- News of a number of effective vaccines lifted a cloud of uncertainty and unleashed animal spirits.
- For investors who stayed the course in 2020, it was hard to go wrong with nearly all asset classes recording solid results.
- Pent up demand is likely to support a quick rebound by mid-2021 despite lasting damage to some sectors of the economy.
For the full year, almost all major asset classes ended up strongly
Lower political uncertainty, another COVID relief package, and news of a number of effective vaccines boosted confidence that 2021 would see a return to normal. Investors looked through near term weakness to bid up lagging asset classes, resulting in winners all around in the fourth quarter. The S&P 500® posted a robust 12.1% total return for the quarter but paled in comparison to the previously lagging Russell 2000 which returned over 30%. After rallying 40bps in the fourth quarter alone, investment grade corporate spreads tightened to 96bps, just inside of where they started the year. High-yield bonds tightened over 150bps to yield only 4.18% at the end of the quarter, leaving the index with little of its namesake income.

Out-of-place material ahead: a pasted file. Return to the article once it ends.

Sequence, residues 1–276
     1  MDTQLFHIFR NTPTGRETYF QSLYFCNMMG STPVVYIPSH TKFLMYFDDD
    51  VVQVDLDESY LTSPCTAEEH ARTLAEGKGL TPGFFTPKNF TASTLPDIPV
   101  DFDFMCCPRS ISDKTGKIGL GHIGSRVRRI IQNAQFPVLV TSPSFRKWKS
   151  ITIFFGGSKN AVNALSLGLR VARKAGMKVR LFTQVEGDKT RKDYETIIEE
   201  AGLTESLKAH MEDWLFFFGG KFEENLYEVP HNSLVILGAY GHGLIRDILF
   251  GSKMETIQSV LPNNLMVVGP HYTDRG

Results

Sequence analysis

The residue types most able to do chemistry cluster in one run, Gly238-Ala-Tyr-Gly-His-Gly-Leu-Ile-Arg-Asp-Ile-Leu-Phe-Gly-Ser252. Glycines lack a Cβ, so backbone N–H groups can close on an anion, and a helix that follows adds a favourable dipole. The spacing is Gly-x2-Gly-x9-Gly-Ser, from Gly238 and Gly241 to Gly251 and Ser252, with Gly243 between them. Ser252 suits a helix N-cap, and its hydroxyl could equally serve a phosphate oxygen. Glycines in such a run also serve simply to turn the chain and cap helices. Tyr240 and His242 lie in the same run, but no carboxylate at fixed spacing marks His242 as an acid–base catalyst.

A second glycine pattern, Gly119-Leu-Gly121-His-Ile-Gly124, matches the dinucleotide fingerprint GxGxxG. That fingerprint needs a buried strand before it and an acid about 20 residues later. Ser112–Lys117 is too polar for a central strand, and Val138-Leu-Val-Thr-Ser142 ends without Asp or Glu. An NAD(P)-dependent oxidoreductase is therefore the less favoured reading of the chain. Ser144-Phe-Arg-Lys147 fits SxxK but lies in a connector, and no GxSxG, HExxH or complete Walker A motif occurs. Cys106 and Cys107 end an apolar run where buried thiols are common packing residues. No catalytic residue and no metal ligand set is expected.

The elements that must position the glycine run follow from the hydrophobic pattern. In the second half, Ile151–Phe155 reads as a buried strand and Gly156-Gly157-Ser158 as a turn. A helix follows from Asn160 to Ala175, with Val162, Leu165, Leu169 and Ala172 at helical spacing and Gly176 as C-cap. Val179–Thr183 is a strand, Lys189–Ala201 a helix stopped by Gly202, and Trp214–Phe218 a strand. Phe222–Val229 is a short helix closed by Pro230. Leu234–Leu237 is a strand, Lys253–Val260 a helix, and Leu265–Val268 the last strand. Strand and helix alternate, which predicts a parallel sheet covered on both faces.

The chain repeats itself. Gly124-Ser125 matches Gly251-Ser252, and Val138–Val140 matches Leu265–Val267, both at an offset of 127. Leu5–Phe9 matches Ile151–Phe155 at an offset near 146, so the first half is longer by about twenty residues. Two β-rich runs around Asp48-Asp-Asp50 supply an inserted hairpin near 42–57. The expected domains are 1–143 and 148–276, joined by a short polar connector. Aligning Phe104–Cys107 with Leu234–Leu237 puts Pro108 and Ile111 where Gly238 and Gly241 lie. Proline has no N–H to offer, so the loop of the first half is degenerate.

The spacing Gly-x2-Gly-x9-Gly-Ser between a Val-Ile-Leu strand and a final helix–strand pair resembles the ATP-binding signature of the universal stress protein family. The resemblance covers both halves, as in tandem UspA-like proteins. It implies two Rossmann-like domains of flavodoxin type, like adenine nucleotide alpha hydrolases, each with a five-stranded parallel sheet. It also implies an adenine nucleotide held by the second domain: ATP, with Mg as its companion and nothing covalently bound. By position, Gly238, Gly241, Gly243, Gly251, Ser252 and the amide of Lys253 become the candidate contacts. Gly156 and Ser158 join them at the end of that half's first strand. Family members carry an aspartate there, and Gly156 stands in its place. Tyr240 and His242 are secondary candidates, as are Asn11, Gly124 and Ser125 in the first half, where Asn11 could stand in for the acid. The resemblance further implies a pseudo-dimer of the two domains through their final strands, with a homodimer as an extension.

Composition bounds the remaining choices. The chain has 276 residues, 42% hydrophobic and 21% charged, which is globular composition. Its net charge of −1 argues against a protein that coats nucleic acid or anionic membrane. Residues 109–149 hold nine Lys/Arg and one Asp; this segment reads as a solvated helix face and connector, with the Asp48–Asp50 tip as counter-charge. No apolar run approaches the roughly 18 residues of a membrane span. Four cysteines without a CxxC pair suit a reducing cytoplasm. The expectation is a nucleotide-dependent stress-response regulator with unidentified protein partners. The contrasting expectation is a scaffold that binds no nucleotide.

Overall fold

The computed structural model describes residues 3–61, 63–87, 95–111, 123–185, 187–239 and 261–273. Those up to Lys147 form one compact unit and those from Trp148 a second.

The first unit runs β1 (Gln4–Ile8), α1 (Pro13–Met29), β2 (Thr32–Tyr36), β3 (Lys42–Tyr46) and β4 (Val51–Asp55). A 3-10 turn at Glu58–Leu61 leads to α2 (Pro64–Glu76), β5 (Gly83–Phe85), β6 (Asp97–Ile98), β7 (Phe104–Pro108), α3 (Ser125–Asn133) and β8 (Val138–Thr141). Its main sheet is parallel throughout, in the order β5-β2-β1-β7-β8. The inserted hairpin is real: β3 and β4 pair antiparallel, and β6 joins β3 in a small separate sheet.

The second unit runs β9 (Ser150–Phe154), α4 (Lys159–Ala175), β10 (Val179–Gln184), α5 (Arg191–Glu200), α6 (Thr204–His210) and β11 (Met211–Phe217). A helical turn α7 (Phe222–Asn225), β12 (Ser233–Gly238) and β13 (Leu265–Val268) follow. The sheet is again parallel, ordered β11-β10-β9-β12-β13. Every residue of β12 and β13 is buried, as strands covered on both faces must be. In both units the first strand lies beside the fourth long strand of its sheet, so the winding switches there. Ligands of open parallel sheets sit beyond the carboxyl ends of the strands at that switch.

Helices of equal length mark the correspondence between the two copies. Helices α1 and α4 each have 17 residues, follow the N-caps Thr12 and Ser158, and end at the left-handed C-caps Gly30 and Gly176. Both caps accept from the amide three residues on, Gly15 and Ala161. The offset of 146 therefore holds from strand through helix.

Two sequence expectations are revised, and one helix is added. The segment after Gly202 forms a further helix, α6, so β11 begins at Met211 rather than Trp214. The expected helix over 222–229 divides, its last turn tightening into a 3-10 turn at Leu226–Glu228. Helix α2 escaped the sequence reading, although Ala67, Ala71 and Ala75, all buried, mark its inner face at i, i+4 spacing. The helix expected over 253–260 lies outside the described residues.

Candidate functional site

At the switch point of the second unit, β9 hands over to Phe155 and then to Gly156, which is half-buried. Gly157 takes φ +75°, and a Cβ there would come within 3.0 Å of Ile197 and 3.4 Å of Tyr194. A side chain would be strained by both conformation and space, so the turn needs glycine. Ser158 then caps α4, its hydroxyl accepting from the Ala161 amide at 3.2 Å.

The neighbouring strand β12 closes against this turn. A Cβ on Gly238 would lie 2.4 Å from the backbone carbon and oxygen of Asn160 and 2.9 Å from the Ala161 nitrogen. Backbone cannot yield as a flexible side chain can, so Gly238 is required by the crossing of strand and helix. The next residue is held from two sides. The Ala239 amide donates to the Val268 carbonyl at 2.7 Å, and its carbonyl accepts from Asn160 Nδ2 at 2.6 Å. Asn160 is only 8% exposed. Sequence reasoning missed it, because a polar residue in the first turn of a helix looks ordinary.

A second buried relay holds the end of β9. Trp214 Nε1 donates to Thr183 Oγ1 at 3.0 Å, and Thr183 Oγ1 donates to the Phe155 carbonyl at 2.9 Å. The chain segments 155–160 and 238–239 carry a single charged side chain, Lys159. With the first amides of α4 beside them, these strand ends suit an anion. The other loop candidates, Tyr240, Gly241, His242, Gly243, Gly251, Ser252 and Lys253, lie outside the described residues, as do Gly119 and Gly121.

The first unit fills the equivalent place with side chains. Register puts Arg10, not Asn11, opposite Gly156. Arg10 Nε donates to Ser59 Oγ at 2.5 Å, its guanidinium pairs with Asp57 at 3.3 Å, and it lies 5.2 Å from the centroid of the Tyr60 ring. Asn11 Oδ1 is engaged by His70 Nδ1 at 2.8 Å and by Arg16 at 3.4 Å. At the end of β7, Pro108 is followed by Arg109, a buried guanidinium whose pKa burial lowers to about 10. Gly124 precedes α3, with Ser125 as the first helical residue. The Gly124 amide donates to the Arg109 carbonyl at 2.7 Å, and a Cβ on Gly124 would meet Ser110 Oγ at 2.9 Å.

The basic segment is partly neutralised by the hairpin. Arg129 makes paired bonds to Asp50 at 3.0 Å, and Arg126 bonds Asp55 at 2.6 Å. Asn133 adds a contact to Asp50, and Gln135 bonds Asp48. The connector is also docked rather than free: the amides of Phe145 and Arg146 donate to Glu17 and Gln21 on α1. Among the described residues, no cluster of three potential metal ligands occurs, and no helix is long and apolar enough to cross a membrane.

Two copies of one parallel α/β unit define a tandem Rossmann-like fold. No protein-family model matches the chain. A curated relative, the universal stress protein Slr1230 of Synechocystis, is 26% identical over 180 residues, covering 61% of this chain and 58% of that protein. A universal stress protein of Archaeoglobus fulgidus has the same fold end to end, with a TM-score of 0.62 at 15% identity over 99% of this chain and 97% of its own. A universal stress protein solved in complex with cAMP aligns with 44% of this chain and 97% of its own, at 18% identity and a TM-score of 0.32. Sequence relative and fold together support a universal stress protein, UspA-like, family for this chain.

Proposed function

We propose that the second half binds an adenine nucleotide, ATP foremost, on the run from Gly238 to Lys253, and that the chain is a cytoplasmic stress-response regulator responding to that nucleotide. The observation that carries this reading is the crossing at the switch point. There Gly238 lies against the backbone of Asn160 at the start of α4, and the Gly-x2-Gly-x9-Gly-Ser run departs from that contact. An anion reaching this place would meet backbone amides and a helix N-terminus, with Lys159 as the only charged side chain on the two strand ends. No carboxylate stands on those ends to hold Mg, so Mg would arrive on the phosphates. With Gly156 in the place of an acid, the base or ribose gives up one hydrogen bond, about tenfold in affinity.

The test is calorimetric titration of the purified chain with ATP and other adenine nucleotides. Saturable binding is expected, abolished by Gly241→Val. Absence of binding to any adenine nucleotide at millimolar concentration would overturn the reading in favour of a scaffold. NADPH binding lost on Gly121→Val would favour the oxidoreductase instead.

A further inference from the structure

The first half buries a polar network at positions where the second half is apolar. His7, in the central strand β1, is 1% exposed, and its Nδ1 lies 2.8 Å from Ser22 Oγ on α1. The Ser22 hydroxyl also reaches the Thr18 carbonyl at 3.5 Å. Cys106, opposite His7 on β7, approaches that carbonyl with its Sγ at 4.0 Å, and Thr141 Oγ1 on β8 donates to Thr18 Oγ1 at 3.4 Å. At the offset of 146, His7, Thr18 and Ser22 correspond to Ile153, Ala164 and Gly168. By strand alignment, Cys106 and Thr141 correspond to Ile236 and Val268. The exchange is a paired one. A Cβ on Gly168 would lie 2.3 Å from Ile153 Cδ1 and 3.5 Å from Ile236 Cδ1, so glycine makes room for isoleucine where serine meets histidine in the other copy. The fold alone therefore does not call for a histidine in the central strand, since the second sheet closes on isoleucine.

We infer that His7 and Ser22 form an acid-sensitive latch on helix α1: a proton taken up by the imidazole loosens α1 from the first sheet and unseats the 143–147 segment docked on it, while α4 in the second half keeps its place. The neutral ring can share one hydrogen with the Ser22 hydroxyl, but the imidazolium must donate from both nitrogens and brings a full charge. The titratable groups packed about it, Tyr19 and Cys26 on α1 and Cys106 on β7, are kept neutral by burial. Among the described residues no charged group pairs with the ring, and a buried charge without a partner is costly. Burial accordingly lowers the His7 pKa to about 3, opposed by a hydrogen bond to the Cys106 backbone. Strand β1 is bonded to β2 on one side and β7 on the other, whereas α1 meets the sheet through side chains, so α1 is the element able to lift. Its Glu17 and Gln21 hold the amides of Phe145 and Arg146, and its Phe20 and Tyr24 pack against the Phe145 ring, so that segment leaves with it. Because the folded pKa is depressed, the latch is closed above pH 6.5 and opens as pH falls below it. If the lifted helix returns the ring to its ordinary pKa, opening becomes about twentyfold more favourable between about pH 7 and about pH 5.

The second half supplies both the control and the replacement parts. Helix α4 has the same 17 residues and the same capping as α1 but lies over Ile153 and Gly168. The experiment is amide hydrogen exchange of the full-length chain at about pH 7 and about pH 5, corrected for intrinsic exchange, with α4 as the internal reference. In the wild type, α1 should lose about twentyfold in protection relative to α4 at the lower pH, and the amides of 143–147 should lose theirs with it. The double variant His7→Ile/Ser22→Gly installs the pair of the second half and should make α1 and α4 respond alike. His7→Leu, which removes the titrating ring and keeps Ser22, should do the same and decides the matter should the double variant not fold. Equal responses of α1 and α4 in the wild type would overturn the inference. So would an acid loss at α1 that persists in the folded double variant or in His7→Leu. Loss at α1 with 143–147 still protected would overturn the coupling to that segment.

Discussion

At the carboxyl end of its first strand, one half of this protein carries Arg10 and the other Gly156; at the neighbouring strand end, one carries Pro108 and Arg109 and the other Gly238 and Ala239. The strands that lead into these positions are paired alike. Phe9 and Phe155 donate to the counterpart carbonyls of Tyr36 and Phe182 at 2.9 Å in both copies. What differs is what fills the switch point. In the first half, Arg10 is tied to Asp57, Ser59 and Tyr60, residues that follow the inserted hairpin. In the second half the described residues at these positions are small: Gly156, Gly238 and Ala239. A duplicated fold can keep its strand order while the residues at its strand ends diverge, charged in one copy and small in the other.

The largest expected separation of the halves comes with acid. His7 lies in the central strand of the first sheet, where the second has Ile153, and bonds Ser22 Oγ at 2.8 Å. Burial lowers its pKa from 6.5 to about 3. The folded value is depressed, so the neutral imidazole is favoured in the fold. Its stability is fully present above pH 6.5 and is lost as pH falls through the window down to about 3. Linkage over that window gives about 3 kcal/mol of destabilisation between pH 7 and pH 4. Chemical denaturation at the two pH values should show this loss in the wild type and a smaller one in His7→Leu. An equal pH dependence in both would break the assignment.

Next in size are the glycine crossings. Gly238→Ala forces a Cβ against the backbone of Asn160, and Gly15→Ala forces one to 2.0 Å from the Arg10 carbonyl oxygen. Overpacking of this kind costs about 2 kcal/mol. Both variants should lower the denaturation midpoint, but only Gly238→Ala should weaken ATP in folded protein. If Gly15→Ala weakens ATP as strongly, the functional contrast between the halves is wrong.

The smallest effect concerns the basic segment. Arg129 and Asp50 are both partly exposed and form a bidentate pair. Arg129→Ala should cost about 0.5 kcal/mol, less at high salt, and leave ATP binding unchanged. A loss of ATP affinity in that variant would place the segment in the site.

For the full year, almost all major asset classes ended up strongly. COVID continues to weigh on real estate performance, and commodities also lagged, posting negative returns for the year. In contrast, global stocks benefited from a weaker dollar and ended up over 10%. A late rotation catapulted the Russell 2000 over the S&P 500® (+19.9% vs. +18.4%), but technology stocks continued to be in a league of their own with the NASDAQ up over 45%. Fixed income returns were solid with the Bloomberg Barclays U.S. Aggregate Bond Index up 7.5%. Credit’s fourth quarter rally propelled high-yield and investment grade corporates to record low yields, resulting in positive excess returns over comparable Treasury securities of 2.25% and 0.49%, respectively, for the year. Despite the strong positive momentum, equity markets continue to price in stubbornly high volatility. While inflation expectations have perked up, rates remain at historically low levels with even the 30-year bond yielding only 1.65% at the end of the year.
Investment grade spreads are back at tight levels, and yields are at all-time lows